During senior year, all students take a senior seminar to talk through their college questions and application components, such as writing college essays. According to a phone interview with Tevera Stith, the director of KTC in Washington, D.C., the senior seminar “provides the time [for counselors] to connect with students in a way that larger urban and suburban schools often cannot.” In Stith’s 2017 class, 90 percent of students finished their applications by November 30, allowing them to spend the rest of the year focusing on their grades and financial aid.
KTC has successfully placed and supported 11,000 alumni in colleges and universities. This year, KIPP DC has students at more than 120 colleges, including Ivy League universities, competitive liberal arts colleges, historically black colleges and universities, and community colleges, according to Stith. While KIPP encourages students to attend one of its partner schools if it is a good fit, “at the end of the day, the choice is up to the student,” Stith says.
What makes KIPP’s counseling program particularly powerful is that its support does not stop when students graduate high school. According to Stith, “the nature of the adolescent mind is when you get to college, sometimes you think, ‘I can do this all on my own.’” But outreach from counselors each semester is critical in helping students maintain their financial aid, get access to the necessary courses, and stay on track to graduation.
KTC’s alumni database matches new KIPP alumni with juniors and seniors who can answer questions, provide academic advisement, and help them navigate new social interactions. The mentorship program is particularly valuable for students who may be attending predominantly white schools that look and feel different than KIPP schools, which tend to be more diverse, because “there’s something special about knowing there’s someone who’s gone through a similar journey as you on campus,” Stith explains.
Comprehensive counselor support, peer-to-peer mentorship programs, and rigorous college completion data help explain why so many KIPP alumni navigate college successfully. They enroll in college and graduate from four-year colleges at rates 14 percent and 2 percent higher than the national average, respectively—even though the share of KIPP students eligible for free or reduced-price lunch is 37 percent higher than the national average. KIPP alumni now graduate from four-year colleges at four times the national average rate for low-income students—an increased from three times the rate of the national average in 2011.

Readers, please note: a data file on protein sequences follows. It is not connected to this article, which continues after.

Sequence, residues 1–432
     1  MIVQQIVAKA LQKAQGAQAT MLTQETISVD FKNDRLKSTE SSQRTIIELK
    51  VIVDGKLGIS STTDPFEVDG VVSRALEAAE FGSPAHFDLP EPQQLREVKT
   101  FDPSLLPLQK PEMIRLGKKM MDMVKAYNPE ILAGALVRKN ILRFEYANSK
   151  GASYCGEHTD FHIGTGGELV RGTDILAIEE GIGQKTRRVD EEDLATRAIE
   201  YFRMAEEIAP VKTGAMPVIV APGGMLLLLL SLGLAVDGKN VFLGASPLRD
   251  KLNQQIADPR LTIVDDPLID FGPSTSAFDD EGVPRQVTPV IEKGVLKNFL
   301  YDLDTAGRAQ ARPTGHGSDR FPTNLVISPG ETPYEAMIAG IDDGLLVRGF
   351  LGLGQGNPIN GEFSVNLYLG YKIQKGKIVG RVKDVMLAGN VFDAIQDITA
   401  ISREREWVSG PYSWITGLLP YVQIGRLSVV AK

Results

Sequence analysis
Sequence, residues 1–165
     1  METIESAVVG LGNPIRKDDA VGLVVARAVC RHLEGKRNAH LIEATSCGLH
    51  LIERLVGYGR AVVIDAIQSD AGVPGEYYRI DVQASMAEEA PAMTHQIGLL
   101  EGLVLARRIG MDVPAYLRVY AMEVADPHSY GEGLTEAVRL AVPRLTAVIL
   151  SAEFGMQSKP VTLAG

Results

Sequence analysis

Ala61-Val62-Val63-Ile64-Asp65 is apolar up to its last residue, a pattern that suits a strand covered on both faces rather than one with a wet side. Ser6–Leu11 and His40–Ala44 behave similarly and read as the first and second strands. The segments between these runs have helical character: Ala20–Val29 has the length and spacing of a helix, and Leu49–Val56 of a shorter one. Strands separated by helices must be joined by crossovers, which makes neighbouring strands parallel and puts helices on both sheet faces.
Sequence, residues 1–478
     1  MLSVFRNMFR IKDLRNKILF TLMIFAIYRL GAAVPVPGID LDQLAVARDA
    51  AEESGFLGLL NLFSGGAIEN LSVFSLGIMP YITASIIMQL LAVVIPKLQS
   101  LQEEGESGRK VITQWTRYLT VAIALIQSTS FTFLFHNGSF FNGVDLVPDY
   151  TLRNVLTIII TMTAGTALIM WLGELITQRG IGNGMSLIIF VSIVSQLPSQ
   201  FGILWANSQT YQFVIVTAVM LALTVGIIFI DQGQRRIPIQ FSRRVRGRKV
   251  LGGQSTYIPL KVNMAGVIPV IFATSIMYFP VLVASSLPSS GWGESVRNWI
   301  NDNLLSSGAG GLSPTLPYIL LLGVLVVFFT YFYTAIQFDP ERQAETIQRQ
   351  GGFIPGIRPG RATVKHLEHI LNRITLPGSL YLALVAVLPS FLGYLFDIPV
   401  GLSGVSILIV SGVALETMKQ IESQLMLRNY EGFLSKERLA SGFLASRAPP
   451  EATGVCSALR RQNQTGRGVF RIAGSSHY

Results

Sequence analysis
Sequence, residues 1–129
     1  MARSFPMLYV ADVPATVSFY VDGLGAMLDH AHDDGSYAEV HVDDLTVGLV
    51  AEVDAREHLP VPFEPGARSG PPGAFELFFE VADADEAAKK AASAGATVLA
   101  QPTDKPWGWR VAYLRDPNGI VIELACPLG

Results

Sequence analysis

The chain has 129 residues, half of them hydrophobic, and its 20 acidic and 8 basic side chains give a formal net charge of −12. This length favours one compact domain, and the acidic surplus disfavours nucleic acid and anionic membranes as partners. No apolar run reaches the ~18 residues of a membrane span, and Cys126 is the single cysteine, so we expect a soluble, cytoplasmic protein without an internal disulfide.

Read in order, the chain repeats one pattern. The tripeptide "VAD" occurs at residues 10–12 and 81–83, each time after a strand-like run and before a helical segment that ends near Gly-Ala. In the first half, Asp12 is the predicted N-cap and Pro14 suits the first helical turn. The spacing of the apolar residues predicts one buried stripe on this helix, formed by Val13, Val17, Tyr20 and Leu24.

Out of 3,000 surveyed KIPP alumni enrolled at a variety of colleges and universities, the majority of students reported feeling comfortable at their college, having good mental health, and feeling confident about their intellectual growth in college. KIPP’s commitment to data is not just effective at tracking outcomes, but also provides strong feedback on how schools, teachers, and counselors can better support students going forward.
Improving college preparation and support
Despite KIPP’s efforts, the majority of public schools have not invested—or in many cases do not have the resourcesto offer this kind of assistance to every high school student as they prepare for college. According to a National Association for College Admission Counseling survey, public school counselors on average can devote only 20 percent of their time to college counseling.
With an average national school counselor-to-student ratio of nearly 1-to-500, school counselors struggle to support every student who seeks college and career advising assistance. What’s more, these ratios are even higher in districts with more low-income, first-generation students who require additional assistance. In Chicago’s public schools, for example, this differential in college counseling and preparation led to charter school students being more likely to report that they had assistance in college planning; were more likely to enroll in four-year colleges and universities; and were more likely to complete at least four semesters of college than noncharter school students.
Expanding KIPP’s efforts
In order to move the needle on student attainment metrics that really matter—that is, college persistence and graduation—policymakers and K-12 school systems need to do more to invest in comprehensive college preparation efforts through several steps. First and foremost, schools should ensure that all students have access to rigorous coursework that is aligned with college admissions, as well as college counselors to help them navigate the admissions process. Districts can reduce counselor-to-student ratios or hire separate counseling personnel to help manage college and career readiness. Counselors can also utilize a number of online tools to help them manage the application process and track data more efficiently, as KIPP has demonstrated. Finally, all states should make an investment to link K-12 and higher education data systems to get a better understanding of the challenges students face after College Signing Day.
Sarah Shapiro is a research assistant for K-12 Education at the Center for American Progress. Neil Campbell is the director of innovation for K-12 Education at the Center.